Engagement cues – When babies want to interact with the people who love them (or anyone nearby), they will instinctively look, move, and make noise in specific ways. Collectively, these movements and noises are called “engagement cues.”
What you’ll see – Your baby will have wide open eyes and look at you or a toy as if they are trying to memorize what they see. Their faces and their bodies will be relaxed and they will use smooth body movements. Older babies may smile and try to touch or taste whatever interests them. When they are very excited, babies will kick their legs and squirm with glee.
What you can do – Using engagement cues, your baby is asking you to help her learn more about you and her new world. At first, your baby will be content just looking at your face and listening to your voice. Later, she’ll want to play more complicated games. Enjoy this time together but be prepared to watch for signs that your baby might be tiring. Engaging with you is hard work!
Disengagement cues – When babies need a break, either for a moment or a nap, they’ll use a different set of movements and noises to make sure you know it. These signs are called “disengagement cues.”
What you’ll see – Your baby may close his eyes, turn his face or body away from you or he may arch or twist his body away. His muscles will be tense and he may frown or look like he is about to cry. If he’s not allowed to take a break, he will start crying to make sure you know what to do. Older babies will stiffen their hands and bring them up towards their faces; they may try to change position, have you pick them up or put them down.
What you can do – Let your baby take a break! Stop whatever you were doing; reduce stimulation in the environment (noises, lights, toys, or interactions) that might have been too much for your baby. Pay close attention and see if your baby is happy with a short break or if he may need a longer one or a big change of scene. Babies who are over stimulated by what is going on around them will use disengagement cues but babies have a very limited ability to communicate. While they can tell you when they need a break, they can’t tell you why they need the break. If you pick up your fussy baby and he arches away from you, he might be trying to tell you that the TV is too loud or that the dog smells bad. Sometimes the problem will be obvious; other times you’ll need to be a detective to figure out what has upset your baby.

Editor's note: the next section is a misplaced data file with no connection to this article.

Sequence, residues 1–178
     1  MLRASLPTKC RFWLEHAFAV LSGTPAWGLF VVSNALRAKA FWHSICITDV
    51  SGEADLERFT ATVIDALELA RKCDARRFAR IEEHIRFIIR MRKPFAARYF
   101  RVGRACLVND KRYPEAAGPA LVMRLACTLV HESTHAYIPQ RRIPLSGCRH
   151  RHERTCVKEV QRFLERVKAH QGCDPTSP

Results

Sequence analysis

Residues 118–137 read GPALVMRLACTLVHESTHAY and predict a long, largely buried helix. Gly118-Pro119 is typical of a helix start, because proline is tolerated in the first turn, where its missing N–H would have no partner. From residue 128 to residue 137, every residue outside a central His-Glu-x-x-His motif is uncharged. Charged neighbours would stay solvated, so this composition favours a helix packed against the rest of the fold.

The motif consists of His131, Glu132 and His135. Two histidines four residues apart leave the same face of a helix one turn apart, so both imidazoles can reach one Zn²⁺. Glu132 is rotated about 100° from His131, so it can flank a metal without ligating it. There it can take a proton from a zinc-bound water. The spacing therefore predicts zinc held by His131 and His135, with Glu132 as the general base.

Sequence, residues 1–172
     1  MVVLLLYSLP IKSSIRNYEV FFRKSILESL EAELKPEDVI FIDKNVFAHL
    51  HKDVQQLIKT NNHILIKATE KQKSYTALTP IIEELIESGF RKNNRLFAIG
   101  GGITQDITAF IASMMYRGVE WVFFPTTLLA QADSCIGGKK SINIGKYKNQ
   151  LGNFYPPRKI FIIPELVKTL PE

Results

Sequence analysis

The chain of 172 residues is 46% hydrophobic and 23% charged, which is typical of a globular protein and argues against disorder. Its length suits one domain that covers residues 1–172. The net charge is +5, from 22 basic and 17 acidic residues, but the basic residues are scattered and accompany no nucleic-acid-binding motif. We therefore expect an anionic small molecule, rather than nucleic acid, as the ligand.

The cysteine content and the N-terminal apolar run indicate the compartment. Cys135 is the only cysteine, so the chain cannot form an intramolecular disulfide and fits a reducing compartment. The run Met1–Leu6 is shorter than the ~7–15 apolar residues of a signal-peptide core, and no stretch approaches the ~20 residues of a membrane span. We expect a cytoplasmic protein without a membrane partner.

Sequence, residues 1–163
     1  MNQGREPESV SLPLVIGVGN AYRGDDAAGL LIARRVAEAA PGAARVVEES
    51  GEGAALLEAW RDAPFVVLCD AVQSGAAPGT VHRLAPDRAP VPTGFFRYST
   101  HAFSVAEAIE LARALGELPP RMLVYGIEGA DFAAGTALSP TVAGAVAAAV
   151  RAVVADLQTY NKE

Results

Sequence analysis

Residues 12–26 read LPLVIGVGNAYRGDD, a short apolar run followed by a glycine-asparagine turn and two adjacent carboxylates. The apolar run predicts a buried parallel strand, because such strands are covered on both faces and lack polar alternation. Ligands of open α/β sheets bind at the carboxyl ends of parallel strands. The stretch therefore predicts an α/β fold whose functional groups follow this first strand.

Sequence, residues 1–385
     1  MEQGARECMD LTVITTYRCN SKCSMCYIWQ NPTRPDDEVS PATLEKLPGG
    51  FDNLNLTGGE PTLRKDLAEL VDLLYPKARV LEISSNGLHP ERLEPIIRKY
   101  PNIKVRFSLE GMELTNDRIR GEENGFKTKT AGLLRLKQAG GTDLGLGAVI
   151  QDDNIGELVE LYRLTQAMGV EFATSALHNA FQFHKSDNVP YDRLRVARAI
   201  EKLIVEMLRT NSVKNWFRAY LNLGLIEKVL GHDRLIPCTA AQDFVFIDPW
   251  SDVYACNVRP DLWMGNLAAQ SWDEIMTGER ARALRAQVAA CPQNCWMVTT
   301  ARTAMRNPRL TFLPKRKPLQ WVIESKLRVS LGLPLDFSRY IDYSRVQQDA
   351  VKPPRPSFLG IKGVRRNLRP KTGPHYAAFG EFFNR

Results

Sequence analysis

The Ultimate Baby Body Language: Clustered Cues
It wouldn’t make sense that it could be hard to tell when a baby is hungry. If people needed a PhD to tell when babies needed to eat, babies wouldn’t survive. Babies will give parents lots of cues, called “clustered cues,” when they need them to do important things. A hungry newborn will move her head looking for something to suck on. She will pull her hands and her knees upward toward her face. She will make sucking noises and try to suck on anything she can find. If no one feeds her right away (babies don’t like to wait), she will start crying while still using all the other cues. Older babies will try to get into a breastfeeding position, or excitedly reach for the bottle or spoon. Babies use clustered cues to show they are full too. They relax their muscles, slow down in their eating, let their hands fall away from their face, and sometimes fall asleep. Making sure you know when to stop feeding is just as important to your baby as letting you know she needs to eat. It is important when parents hear their babies cry that they check for clustered hunger cues before they assume they are hungry.
Creating Your Own Special Language
Now that I’ve made it all sound so simple, I do have to warn you that some babies are not born able to give clear cues. Some babies have to develop their skills over the first few days and weeks. Fortunately, nature makes sure that things turn out well; when parents respond to babies’ signals, babies get better at using cues and parents get better at reading them. After a relatively short time, parents and babies develop their own special language and this continues as children get older and learn other ways to communicate, including using words. We’d love to hear about your baby’s special ways of communicating with you.
Next time: Crying: Your Baby’s Super Power